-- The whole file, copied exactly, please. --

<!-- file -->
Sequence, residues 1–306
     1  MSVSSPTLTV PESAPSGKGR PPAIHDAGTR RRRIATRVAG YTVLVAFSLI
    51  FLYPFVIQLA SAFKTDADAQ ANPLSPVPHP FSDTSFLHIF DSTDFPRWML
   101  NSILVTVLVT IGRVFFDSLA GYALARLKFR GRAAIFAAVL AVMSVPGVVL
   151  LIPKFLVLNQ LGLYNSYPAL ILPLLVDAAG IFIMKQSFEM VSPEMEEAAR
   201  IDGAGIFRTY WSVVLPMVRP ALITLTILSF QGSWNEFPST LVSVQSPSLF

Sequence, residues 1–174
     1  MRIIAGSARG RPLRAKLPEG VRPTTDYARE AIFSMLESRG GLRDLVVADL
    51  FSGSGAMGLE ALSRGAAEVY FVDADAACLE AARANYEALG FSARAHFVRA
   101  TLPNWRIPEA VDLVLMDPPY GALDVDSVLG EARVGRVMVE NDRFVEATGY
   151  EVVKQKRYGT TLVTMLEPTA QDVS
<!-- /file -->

Sequence, residues 1–306
     1  MSVSSPTLTV PESAPSGKGR PPAIHDAGTR RRRIATRVAG YTVLVAFSLI
    51  FLYPFVIQLA SAFKTDADAQ ANPLSPVPHP FSDTSFLHIF DSTDFPRWML
   101  NSILVTVLVT IGRVFFDSLA GYALARLKFR GRAAIFAAVL AVMSVPGVVL
   151  LIPKFLVLNQ LGLYNSYPAL ILPLLVDAAG IFIMKQSFEM VSPEMEEAAR
   201  IDGAGIFRTY WSVVLPMVRP ALITLTILSF QGSWNEFPST LVSVQSPSLF

Sequence, residues 1–174
     1  MRIIAGSARG RPLRAKLPEG VRPTTDYARE AIFSMLESRG GLRDLVVADL
    51  FSGSGAMGLE ALSRGAAEVY FVDADAACLE AARANYEALG FSARAHFVRA
   101  TLPNWRIPEA VDLVLMDPPY GALDVDSVLG EARVGRVMVE NDRFVEATGY
   151  EVVKQKRYGT TLVTMLEPTA QDVS